Thursday, November 10, 2011

Italy and the ECB

Two weeks into the job and what will most likely prove to the defining moment of the tenure of new ECB President Mario Draghi is already upon him.

The ECB has been receiving a bit of flak lately – for not being sufficiently decisive or bold in its actions. It was under some duress that the Bank moved to purchase Italian and Spanish bonds in August.

We’ve been prepared to cut them a bit of slack. On one level, the Bank has been reluctant to solve the problems of political intransigence. The European debt crisis is essentially of a political making, and it has taken a sense of crisis from time-to-time to keep moving the politicians forward.

On another level the Bank has been reluctant to move into what it deems to be the realm of fiscal policy. There also appears to be a number of folk at the ECB who were students of post- World War I German hyperinflation that was the genesis of the anti-inflationary zeal of the Bundesbank. Hence the reluctance to expand the monetary base (the earlier purchases of Italian and Spanish bonds were sterilised).

However, with Italian bond yields surging higher it’s time for the ECB to step up and act decisively by significantly expanding its purchases of Italian sovereign bonds. Only the ECB has the ability to take this step. The expanded EFSF will not be ready in time – we still don’t know how it is going to be scaled-up let alone then going through the process of getting broad political agreement. The various Euro zone parliaments have only just finished ratifying the July 21 proposal for the EFSF to lend up to its full face-value of €440 billion, which will prove to be woefully inadequate for the job ahead.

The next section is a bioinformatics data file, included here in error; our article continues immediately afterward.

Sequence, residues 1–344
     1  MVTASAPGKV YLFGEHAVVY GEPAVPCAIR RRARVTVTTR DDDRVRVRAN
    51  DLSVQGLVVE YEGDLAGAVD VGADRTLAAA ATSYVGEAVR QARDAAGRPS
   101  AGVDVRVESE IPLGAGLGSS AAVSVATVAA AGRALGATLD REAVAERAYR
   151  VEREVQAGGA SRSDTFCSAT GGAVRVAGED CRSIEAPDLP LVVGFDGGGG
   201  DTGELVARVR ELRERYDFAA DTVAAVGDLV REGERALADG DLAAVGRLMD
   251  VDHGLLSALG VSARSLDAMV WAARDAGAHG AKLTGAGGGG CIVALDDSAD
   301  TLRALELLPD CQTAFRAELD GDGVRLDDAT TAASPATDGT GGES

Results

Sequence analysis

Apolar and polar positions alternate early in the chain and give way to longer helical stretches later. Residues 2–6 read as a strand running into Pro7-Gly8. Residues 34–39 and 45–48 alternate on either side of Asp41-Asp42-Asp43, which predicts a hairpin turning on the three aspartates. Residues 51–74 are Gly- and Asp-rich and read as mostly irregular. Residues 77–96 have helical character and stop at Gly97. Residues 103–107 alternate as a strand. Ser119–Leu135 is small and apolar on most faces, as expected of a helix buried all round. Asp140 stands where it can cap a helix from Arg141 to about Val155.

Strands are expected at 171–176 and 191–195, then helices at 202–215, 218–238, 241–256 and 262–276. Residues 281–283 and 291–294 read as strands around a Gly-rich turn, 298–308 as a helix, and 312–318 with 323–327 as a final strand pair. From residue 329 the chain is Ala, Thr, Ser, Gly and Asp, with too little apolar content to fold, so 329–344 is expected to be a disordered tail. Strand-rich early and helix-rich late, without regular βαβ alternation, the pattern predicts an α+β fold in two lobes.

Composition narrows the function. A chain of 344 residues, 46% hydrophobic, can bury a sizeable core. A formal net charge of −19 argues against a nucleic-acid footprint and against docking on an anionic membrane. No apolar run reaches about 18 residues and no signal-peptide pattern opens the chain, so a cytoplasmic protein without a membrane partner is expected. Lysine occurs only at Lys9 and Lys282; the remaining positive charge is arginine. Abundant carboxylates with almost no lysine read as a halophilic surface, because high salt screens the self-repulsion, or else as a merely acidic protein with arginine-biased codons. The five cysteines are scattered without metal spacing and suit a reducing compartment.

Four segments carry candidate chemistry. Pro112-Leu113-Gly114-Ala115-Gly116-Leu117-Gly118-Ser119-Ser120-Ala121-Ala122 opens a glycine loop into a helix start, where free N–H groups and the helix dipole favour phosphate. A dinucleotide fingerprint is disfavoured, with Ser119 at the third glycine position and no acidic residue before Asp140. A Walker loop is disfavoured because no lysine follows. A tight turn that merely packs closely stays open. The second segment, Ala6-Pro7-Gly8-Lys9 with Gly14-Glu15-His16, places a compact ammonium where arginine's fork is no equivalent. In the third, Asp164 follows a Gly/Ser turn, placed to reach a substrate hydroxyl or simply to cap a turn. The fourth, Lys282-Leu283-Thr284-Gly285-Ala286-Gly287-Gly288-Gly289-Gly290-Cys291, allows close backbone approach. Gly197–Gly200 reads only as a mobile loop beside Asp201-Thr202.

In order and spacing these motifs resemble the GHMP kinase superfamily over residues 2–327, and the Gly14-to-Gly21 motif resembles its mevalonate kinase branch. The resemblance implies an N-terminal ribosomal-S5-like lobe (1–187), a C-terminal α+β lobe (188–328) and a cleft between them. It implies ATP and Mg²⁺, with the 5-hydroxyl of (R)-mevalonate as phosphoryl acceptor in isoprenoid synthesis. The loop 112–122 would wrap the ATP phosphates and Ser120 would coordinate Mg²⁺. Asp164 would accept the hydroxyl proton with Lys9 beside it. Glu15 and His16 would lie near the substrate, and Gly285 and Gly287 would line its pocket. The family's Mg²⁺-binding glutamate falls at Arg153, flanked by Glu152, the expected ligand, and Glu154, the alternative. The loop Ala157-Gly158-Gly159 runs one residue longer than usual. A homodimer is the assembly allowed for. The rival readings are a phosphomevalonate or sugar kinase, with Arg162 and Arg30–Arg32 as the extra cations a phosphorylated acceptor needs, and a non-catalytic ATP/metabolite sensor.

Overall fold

The ECB will be concerned that given the scale of the job needed, they will have no option other than to monetize their bond purchases. They will fret about the likely inflationary consequences, but no one will doubt their zeal in dealing with that problem when the time comes.